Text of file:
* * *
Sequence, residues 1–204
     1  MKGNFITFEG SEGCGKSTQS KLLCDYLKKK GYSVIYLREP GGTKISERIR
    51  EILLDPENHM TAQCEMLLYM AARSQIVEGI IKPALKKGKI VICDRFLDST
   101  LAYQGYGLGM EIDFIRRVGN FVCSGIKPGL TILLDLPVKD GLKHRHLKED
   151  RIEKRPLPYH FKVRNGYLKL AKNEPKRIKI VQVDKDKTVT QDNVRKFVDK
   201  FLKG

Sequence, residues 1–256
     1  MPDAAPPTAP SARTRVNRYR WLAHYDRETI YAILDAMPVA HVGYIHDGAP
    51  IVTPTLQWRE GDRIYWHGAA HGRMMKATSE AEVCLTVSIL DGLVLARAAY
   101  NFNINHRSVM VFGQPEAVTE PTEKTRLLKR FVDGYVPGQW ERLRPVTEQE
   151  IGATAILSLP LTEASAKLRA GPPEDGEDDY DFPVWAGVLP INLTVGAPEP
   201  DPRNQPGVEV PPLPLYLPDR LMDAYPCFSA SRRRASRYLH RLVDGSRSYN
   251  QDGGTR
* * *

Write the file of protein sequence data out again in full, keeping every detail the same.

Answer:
Sequence, residues 1–204
     1  MKGNFITFEG SEGCGKSTQS KLLCDYLKKK GYSVIYLREP GGTKISERIR
    51  EILLDPENHM TAQCEMLLYM AARSQIVEGI IKPALKKGKI VICDRFLDST
   101  LAYQGYGLGM EIDFIRRVGN FVCSGIKPGL TILLDLPVKD GLKHRHLKED
   151  RIEKRPLPYH FKVRNGYLKL AKNEPKRIKI VQVDKDKTVT QDNVRKFVDK
   201  FLKG

Sequence, residues 1–256
     1  MPDAAPPTAP SARTRVNRYR WLAHYDRETI YAILDAMPVA HVGYIHDGAP
    51  IVTPTLQWRE GDRIYWHGAA HGRMMKATSE AEVCLTVSIL DGLVLARAAY
   101  NFNINHRSVM VFGQPEAVTE PTEKTRLLKR FVDGYVPGQW ERLRPVTEQE
   151  IGATAILSLP LTEASAKLRA GPPEDGEDDY DFPVWAGVLP INLTVGAPEP
   201  DPRNQPGVEV PPLPLYLPDR LMDAYPCFSA SRRRASRYLH RLVDGSRSYN
   251  QDGGTR